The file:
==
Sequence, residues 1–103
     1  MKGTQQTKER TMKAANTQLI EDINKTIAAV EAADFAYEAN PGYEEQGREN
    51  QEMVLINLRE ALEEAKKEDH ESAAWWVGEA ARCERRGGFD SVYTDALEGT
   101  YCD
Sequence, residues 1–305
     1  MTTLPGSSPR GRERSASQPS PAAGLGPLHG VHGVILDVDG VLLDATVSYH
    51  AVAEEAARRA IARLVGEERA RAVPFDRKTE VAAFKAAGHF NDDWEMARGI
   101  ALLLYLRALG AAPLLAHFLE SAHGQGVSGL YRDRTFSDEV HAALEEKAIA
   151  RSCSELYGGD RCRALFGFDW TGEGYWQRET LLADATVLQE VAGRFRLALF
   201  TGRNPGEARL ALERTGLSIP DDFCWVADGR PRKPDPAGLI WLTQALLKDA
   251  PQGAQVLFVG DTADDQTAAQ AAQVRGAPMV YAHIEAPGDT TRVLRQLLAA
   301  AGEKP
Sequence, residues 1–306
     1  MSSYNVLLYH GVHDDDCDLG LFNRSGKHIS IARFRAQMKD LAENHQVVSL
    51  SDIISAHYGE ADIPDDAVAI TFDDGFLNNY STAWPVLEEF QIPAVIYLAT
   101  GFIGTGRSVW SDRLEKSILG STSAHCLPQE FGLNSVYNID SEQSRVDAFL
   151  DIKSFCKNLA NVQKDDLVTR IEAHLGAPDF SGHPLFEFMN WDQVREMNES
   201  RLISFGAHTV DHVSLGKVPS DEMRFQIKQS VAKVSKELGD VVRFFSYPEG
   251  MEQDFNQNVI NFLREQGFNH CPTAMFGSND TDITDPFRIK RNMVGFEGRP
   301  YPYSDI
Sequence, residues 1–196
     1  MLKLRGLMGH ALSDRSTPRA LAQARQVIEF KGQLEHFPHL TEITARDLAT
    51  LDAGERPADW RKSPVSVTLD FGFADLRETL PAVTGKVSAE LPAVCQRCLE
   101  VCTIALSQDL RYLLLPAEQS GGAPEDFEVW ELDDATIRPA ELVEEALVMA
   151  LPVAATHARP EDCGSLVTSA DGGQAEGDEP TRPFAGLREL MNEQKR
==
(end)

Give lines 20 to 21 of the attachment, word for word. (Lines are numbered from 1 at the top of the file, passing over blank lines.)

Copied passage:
   301  YPYSDI
Sequence, residues 1–196